As the narrator of The Handmaid’s Tale says, “Everything except the wings around my face is red: the colour of blood, which defines us.” In Gilead, the most important thing about a woman is not her brain or her actions, but her fertility. They wear that red in order to remind everyone around them – including themselves – of that fact at all times.

Except the “white wings” – the white bonnet they wear around their faces. Atwood has described how she was inspired by a 1940s Old Dutch Cleanser package, which scared her as a child. She told NewsHour that white is, in many places, seen as unlucky – for example, widows wear white in India – and that the bonnets also act as blinkers, narrowing what the handmaids can see and limiting how they’re able to interact with the world. 

So yes, the white bonnets and the red robes look very striking, but they aren’t like that because they look cool. They’re there to prove a point – to show that women are lesser than the men around them, and to keep them in their place. Doesn’t seem like such a fun costume for a party now, does it?

Yet Jenner isn’t the first person to take these bonnets and turn them into something wildly inappropriate. Just last year, Yandy had to pull a “Sexy Handmaid” Halloween costume after backlash from… well, basically, anyone with half a brain. Back in 2017, catwalks were full of hoods, red and white outfits and long, flowing robes, causing Vogue to say that “The Handmaid’s Tale Conquered The Catwalk”.

The Handmaid’s Tale is a work of genius, and the first series of the TV show is magnificent, and it’s understandable that the wider culture would embrace it. But considering what the costumes represent, it feels painfully obtuse to have them become an object of fun and frivolity – especially considering what's actually happening in the world around us at the moment.

Alabama has become the latest US state to ban abortions, even in case of rape and incest. Louisiana recently became the eighth state to sign into law a bill which means that you can’t get an abortion after six weeks, which is before most people even know they’re pregnant. The “heartbeat bill”, as it’s known, also throws up worrying questions about whether or not women can be imprisoned if authorities believe that she somehow was responsible for her miscarriage.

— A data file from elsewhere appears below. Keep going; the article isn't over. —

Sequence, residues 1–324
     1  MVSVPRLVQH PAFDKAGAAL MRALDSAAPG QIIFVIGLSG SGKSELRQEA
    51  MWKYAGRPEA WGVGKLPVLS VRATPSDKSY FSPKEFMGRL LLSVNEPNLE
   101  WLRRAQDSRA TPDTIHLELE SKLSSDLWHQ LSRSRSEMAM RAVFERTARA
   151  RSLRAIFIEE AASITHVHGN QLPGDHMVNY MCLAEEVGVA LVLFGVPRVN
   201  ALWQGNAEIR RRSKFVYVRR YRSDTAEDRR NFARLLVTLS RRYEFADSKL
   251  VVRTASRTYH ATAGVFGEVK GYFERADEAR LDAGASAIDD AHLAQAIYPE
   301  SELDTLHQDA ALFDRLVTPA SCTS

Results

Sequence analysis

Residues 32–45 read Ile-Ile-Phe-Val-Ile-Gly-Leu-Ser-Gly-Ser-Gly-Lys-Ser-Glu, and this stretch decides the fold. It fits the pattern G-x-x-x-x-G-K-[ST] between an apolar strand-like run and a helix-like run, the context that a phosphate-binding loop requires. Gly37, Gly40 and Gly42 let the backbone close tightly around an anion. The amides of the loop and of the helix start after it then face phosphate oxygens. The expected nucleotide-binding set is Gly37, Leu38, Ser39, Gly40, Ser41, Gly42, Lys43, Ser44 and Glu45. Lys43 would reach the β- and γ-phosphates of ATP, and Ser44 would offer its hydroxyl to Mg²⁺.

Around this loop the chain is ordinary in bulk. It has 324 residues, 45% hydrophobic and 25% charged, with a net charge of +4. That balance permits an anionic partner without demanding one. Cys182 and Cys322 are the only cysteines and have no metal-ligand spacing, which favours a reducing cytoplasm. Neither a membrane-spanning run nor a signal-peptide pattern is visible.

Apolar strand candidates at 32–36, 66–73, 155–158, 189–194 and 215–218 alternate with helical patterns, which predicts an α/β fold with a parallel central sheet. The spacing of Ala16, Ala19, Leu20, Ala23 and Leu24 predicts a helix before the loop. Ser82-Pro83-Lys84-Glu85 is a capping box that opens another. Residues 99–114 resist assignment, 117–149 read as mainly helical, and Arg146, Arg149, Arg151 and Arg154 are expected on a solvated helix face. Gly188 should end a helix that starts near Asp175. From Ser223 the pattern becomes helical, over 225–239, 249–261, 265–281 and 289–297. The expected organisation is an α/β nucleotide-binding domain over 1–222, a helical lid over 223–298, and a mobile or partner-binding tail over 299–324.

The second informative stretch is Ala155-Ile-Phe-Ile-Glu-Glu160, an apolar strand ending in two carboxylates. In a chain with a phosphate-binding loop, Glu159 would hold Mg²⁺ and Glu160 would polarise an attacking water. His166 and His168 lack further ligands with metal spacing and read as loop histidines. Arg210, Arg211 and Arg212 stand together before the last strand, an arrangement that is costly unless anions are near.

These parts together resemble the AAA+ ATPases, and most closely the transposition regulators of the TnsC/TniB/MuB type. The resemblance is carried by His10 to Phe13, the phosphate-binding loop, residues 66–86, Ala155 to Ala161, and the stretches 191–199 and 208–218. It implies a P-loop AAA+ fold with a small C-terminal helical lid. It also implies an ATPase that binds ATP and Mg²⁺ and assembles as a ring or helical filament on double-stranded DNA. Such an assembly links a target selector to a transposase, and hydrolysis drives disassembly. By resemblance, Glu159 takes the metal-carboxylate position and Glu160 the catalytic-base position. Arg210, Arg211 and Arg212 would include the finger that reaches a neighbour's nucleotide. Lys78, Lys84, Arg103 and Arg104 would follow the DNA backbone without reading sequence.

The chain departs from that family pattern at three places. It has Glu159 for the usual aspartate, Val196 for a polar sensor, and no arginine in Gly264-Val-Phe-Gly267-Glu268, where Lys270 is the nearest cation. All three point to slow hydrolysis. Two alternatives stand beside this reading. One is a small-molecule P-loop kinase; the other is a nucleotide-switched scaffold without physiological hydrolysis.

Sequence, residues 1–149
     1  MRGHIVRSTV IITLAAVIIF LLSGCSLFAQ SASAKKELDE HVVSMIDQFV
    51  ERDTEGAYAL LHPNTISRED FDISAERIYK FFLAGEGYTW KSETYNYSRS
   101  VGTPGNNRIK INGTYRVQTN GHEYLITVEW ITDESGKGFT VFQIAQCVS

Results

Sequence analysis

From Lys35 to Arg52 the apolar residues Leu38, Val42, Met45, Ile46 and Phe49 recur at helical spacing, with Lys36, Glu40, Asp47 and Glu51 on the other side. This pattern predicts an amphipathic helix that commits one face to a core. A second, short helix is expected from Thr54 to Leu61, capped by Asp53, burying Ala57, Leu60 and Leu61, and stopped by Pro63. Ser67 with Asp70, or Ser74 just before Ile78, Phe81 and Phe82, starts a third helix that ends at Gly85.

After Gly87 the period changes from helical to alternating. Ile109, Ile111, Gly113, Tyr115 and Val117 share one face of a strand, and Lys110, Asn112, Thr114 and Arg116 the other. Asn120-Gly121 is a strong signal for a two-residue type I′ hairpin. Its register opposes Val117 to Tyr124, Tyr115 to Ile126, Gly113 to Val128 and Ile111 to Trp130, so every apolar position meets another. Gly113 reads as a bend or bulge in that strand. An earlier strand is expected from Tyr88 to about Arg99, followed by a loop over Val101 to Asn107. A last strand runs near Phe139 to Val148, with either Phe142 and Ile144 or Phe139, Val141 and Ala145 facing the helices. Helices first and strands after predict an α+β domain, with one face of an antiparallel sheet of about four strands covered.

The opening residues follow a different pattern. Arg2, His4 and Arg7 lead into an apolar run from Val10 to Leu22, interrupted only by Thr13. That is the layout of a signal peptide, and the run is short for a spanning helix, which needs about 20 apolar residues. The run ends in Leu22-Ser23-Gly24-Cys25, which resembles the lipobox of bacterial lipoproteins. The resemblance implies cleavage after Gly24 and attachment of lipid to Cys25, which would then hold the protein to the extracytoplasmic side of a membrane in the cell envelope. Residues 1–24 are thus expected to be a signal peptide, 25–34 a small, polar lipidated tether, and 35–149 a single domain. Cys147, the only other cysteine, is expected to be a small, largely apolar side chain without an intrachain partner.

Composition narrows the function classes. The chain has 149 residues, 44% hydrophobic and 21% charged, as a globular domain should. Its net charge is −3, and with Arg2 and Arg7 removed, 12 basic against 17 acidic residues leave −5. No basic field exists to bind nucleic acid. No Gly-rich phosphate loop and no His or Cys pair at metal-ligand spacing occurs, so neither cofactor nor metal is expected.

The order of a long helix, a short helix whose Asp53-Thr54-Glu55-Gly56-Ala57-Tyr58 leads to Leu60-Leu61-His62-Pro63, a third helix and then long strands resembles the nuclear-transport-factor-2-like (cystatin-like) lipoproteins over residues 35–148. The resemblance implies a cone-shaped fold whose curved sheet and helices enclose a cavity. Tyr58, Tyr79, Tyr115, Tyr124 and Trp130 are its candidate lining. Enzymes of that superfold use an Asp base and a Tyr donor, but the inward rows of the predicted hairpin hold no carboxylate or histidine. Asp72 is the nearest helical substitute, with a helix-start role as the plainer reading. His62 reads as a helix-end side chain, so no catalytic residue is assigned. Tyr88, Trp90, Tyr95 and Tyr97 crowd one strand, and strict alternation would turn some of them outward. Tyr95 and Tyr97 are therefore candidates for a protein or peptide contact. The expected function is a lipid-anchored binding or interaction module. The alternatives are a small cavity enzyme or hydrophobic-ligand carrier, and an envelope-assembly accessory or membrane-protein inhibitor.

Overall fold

And it’s not just in the US - abortion still isn’t legal in Northern Ireland, and Jeremy Hunt casually mentioned he’d like to drop the abortion limit for 24 weeks to 12 in the rest of the UK as part of his Conservative leadership campaign. 

And this isn’t a new thing. When speaking about the book – which came out in 1985 – Atwood was adamant that this was speculative fiction because she “didn't put in anything that we haven't already done, we're not already doing, we're seriously trying to do, coupled with trends that are already in progress... So all of those things are real, and therefore the amount of pure invention is close to nil.”

The Kylie Jenner Handmaid's party Credit: instagram

As horrifying and seemingly unreal as the events of The Handmaid’s Tale are, they aren’t worlds away from the lives many women around the world experience now. There’s a reason that protestors for women’s rights sometimes wear the robes of the handmaids, and it’s not because they look cool or because they enjoy the show so much. It’s because they mean something. 

Kylie Jenner is clearly an excellent party planner, and it’s great that she and her friends enjoy The Handmaid’s Tale so much that they want to pay tribute to it. It should also be noted that Jenner spoke out on Instagram against the Alabama abortion bill, and her partner Travis Scott is donating the profits from the merchandise on his latest tour to Planned Parenthood.

And taking The Handmaid’s Tale and everything it’s saying about the world too lightly isn’t something that only she is guilty of. We need to have serious conversations about why the world so enjoys watching the suffering of women - whether that’s in crime dramas/documentaries or big budget, high-quality TV shows. 

But the point still stands. The world needs to stop ignoring the warning and the seriousness of what The Handmaid’s Tale represents. These abortion bans aren’t the first step towards The Handmaid’s Tale becoming a reality; we’re already several steps down that slope. If you can look at The Handmaid’s Tale and see it as just a cracking piece of telly, then you’re incredibly lucky to be so safe and privileged that these things don’t affect you… yet.

But spare a thought for those who aren’t so fortunate, and maybe choose a different theme for your birthday.